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Friday, July 25, 2014

Eulogy for Melva

Recently, I faced the solemn task of trying to capture in words all that my grandmother meant to me. I felt honored to honor her at her funeral service, but I did worry about what to share; how much of my personal connection with my grandmother should be discussed versus an overall tribute that everyone would recognize as the woman they knew and loved? Ultimately, I decided that the same traits that made her such an incredibly loving force in my life would be instantly recognizable to others as what they knew about my grandma. Three of us spoke at the service, each with a different approach, and I think that, together, we did the best we could to capture the compassion, wit, and love that my grandmother exemplified. Some friends asked me to share what I wrote, so it follows here:



3 6 9 0 9 8 7. Imagine the numbers on a phone’s touchpad. 3 6 9 0 9 8 7.

            “There’s an easy way to remember this if you ever need me,” my grandma told me.

            She guided my tiny finger over the numbers as she showed me how the numbers 3,6,9,0,9,8,7 made a line down and back across the dial.

            You see, I wasn’t always able to see my grandma as a child, but she wanted to make sure I remembered that she was always there for me if I needed her.

            Of course I needed her. I don’t think a more loving, compassionate, talented, and incredibly beautiful woman ever lived.

            I needed her to take care of me, and she did. She taught me how to cook everything from grilled-cheese sandwiches toasted with real butter, not margarine, to bacon that was crisp and very well done – the way we agreed all meats should be prepared. She gave me beautiful flowing nightgowns because she thought I should feel beautiful, even in my sleep. We visited Northpark Mall quite regularly, where we talked and walked – and walked really quickly, by the way. She might have had short legs, but we would weave in and out of slower walkers and she could run laps around people with much longer legs. On these excursions, grandma often insisted that I pick out a new outfit. Being very frugal, I would head straight to the clearance rack to try to save her money. She would get so frustrated with me because she wanted me to feel that I was worth more. “If you like what’s on clearance, then buy it, but don’t buy something you don’t like just because it’s a few dollars less.” Of course, the underlying message was always that I had value, and she didn’t want me to forget that.

            I needed her to be a role model, and she was. No, she is. My grandma shared her stories with me but also listened to mine. I learned that despite our difference in years, we had a great deal in common. We joked about our Taurus traits – loyalty and stubbornness. When I admitted to her that I had skipped school one day to drive to Lake Murray in Oklahoma with Erik, she told me about the time she skipped school to go drag racing. We discussed serious issues and social injustices as easily as we discussed favorite colors and movies. She taught me to communicate – through song, if necessary. I learned that my propensity to alter the lyrics of songs to fit the occasion was a family gift that originated with her dad, who would often wake his daughters up in this way. Perhaps the greatest of all values that my grandmother instilled in me is the ability to put myself in the place of others and to remember that everyone is facing some form of adversity. She taught me that words are powerful, and that kind words can work miracles. My grandmother followed her heart and went after what she wanted. So when she decided that she wanted to sing on live radio and landed the job, she also found her accompanist for life in her handsome pianist. Several of us would not be here today if not for her passion for music and her tenacity.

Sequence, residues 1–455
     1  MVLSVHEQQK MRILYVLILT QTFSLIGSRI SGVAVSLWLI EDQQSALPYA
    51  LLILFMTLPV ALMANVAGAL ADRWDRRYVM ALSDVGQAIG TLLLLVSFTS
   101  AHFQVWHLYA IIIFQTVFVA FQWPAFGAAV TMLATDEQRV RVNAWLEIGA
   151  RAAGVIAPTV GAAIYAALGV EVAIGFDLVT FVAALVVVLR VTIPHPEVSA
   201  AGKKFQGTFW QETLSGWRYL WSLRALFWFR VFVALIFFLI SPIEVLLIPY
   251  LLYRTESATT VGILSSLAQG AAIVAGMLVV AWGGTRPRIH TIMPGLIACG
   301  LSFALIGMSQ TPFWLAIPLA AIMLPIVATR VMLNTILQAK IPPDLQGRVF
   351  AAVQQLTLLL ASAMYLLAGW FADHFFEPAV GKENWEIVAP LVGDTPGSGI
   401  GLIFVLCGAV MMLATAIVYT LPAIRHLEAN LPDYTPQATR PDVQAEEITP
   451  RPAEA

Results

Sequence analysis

I needed her to guide me, and she did. My grandmother exuded love and warmth every second we were together and made me feel secure – something that was lacking at home. In this atmosphere of safety, she helped me explore my interests and encouraged me to read. The copy of A Tree Grows in Brooklyn that she lent me taught me that my situation did not define or limit me, and that education would shape my life and provide new opportunities. I would not be an English teacher today if not for grandma’s encouragement and her passion for reading and insistence that I follow my dreams. I was going to say that any time I needed advice, she gave it to me, but that’s not quite right. When I thought I needed advice, grandma would talk with me until I clearly understood what I wanted to do and why I needed to do it. I don’t know if she learned stealthy counseling super-powers during the many years she worked at SMU’s mental health clinic, or if this, as I suspect, was a natural gift of hers, but I always felt more confident, empowered, and at peace after talking with my grandmother.

When I was 18, I needed her to answer the phone. A very difficult year left me estranged from my family, living overseas, and not knowing how to get in touch with anyone. And then I remembered.

            The lesson she taught me as a child echoed in my memory as I looked at the phone and dialed: 3 6 9 0 9 8 7. My grandma’s warm, musical voice greeted me, and her unwavering love and support immediately healed all wounds. I have valued every year since, knowing her not only as a wonderful grandmother, but also as a friend. You’re all here not only because you know what an enlightening presence Melva was in this world, but also because we have all been blessed by how she enriched, and will continue to enrich, each of our lives.

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